Like most 40K spin-off material, Rogue Trader’s setting is some distance away from areas used by Games Workshop in their core material. Instead, it takes place in the Kronus Expanse, a poorly explored area adjacent to the sector which provided Dark Heresy with it’s setting. This area plays home to Orks, Eldar, various groups of Pirates, Kroot and all manner of heretical beings (stats are also provided for most of these). It is a gigantic area of space, with uncounted worlds and perils waiting for an adventurous Rogue Trader.

There are three chapters dedicated to providing material on the Imperium and the Expanse. It’s more then enough to help someone who has never played a Warhammer game to get started. There is also a sample adventure called “Into The Maw” and another two sample adventures, “Forsaken Bounty” and “Dark Frontier” available from FFG’s website.

Faults

So far, I’ve been nearly 100% positive about Rogue Trader. I’ll admit, I’m biased by the fact that I am in love with the system and the setting. There are a few faults with the game.

The first, and least critical is actually to do with the advertising. FFG proudly declared that the game would go on sale during Gencon. Unfortunately, it didn’t actually become available until mid-October and for a while FFG were rather cagey about when it would arrive. Thankfully, it got here eventually and was worth the wait.

There are a lot of small spelling errors in Rogue Trader. There are also a number of tables which have been incorrectly numbered and reference. This is particularly noticeable in Chapter 9, where there are nearly 40 tables, and the references are extremely inaccurate by the end of the chapter.

There are still a few too many similarities between classes. This was Dark Heresy’s main flaw, and while it has been drastically reduced, I can’t help feeling that there is at least one extraneous class in the form of the Void-Master.

Finally, while there are a selection of enemies ready for use, they’re are very few of them. My particular bugbear is that there are only one example each of Ork, Eldar and Kroot characters. No doubt there is an entire book of Xenos in the works, but it would have been nice to have been provided with some more examples.

Conclusion

Rogue Trader is almost certainly my best big name buy this year. It’s a stunning book that refines an already good system and I highly recommend it to anyone who is in the market for a straight-forward, pitch black space romp.

8 thoughts on “Review: Rogue Trader”

  1. There’s quite a bit of recycled art in there, but it comes from the wargame books rather than previous titles in the roleplaying line.

    I believe there’s an expanded ship construction system (including the missiles and torpedoes mentioned in but missing from the core book) coming with the GM screen, although that’s now been delayed, I think.

    I’ll be running a small miniseries (not really a campaign) in the new year, and I’m looking forward to it, as it seems like a solid game. The book could have done with some proofreading and editing though, as aside from the errors, there are quite a few places where things are not explained, and you have to work them out from implications and clues elsewhere in the system.
    .-= thekelvingreen´s last blog ..Ghost of Holidays Past =-.

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    1. In that case, I suspect the people giving out the awards don’t play the Wargame either 😉

      Yeah, the GM screen seems to be MIA just now. The Radical’s Handbook and some of the WFRP games have been given proper release dates, but it’s still listed as “Fall”. I’ll be interested to see it; the DH GM screen was pretty good.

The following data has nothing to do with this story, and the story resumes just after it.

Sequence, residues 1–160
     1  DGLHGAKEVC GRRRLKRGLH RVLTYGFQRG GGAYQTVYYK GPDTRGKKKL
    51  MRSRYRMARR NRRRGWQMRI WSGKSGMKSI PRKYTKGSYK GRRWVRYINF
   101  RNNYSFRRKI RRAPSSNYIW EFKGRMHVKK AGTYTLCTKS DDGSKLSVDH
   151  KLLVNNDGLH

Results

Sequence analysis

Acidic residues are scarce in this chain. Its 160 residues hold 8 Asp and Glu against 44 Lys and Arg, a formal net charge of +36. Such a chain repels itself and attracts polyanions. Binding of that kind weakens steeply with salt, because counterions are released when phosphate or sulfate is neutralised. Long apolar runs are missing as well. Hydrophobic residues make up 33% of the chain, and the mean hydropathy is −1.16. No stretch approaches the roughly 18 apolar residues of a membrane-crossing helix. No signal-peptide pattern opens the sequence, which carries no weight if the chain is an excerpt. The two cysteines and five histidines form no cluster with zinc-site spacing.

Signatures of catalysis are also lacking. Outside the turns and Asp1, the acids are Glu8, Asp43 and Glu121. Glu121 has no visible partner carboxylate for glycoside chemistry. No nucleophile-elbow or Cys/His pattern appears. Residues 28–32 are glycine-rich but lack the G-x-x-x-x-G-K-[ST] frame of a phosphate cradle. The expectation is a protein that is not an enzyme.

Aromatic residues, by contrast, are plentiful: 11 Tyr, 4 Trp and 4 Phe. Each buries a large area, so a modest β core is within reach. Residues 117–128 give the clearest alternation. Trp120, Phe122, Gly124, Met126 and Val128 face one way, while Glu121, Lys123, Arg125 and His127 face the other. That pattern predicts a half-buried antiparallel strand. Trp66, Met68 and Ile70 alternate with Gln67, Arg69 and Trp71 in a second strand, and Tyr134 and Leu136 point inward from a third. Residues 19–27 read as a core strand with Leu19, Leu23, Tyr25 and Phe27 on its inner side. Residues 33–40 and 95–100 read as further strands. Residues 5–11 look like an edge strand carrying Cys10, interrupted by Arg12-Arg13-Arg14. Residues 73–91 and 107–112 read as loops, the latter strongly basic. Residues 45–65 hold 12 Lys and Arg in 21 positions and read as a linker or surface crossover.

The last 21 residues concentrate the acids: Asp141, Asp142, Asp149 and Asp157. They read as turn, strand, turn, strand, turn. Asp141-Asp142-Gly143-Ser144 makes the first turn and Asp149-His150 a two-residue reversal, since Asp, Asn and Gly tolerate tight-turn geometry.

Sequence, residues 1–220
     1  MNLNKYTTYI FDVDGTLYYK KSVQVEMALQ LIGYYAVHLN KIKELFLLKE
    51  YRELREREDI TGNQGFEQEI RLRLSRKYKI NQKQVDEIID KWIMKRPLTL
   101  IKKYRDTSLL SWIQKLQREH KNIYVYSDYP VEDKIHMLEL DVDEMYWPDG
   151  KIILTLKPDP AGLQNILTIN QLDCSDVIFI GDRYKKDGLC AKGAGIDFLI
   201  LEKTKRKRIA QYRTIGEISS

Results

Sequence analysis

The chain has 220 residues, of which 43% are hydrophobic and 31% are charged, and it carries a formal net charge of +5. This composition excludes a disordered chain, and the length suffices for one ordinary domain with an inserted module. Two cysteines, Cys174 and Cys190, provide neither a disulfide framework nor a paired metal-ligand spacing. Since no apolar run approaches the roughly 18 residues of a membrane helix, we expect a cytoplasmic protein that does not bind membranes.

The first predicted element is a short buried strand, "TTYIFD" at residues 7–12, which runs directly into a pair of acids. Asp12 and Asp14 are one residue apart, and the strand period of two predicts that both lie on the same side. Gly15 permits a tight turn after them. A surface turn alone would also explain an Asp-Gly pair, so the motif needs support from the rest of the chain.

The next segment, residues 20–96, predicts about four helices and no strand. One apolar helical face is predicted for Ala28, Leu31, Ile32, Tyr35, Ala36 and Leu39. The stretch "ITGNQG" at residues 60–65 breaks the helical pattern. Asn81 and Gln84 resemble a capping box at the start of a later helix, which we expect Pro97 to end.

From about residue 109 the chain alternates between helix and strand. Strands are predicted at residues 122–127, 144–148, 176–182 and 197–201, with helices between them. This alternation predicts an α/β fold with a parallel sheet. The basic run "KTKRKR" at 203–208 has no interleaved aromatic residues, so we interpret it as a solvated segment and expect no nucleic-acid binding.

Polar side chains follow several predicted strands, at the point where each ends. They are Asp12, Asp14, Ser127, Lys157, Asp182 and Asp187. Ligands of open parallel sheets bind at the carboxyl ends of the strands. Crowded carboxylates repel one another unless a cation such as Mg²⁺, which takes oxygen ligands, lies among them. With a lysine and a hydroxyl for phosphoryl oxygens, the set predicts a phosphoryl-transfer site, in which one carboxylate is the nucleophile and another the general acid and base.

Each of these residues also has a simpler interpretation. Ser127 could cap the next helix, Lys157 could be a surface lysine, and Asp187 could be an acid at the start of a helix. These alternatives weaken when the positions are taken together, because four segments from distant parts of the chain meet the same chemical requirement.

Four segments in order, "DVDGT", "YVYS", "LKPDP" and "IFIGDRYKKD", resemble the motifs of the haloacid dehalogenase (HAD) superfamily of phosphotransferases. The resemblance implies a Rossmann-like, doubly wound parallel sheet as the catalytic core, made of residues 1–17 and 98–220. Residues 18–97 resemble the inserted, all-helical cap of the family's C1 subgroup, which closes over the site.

I’d say the game is pretty solid. On the other hand, since I wrote the review one of my co-players has discovered that it’s possible to end up with a low level Arch-Militant doing 2d10+32 damage, which makes me think the play-testing wasn’t as stringent as it should have been. The spelling errors are also annoying – I should have mentioned them i the review, but I wrapped it up a big quickly due to length.

      I’ll be posting reports on our play-sessions, so keep an eye out and I might find some more problems 😉

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  2. Yes, I’ve heard horror stories about the introductory adventures they gave away free, mostly concerning a huge difference in power levels between the Arch-Militant and the big boss monster; firing a bolter at full auto kills the boss off within one turn!
    .-= thekelvingreen´s last blog ..Ghost of Holidays Past =-.

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  3. Over all, I’m pretty pleased with Rogue Trader, although as mentioned previously, there are quite a few spelling errors and misreferenced pages. These are problems which could have been dealt with with only a very thorough bit of proof reading, and despite being annoying, aren’t really all that bad.

    That being said, I am a bit confused on one subject. On page 38, in the discussion for “Rank” it states:

    “Each Career Path has unique ranks, as your character progresses in power, you may sometimes find yourself eligible for two or more ranks. When this occurs you must make a choice between ranks available to you.”

    Huh? From what I’ve seen, each character type gains rank in a very simple fashion, by spending xp. They then gain a new rank in their type, Arch-Militant, Rogue Trader, so on. That seems pretty automatic. If there is a branch off point or pre-requisites for these branch off points, I haven’t seen it. Or are they implying you could potentially be both an Arch-Militant AND say, an AstroPath Transendant?

    So, a little confused. My theory is that they lifted this bit of explanation from Dark Heresy, where I think there WERE branching ranks, and somehow that part was left in… not entirely sure, but in the meantime, am I just clueless and missing some vital mechanic?

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    1. No, I think you’re right. It’s either lifted from DH or from an earlier draft if RT when it still had branching ranking.

      Of course, there’s no reason branching ranks won’t be reintroduced in future supplements.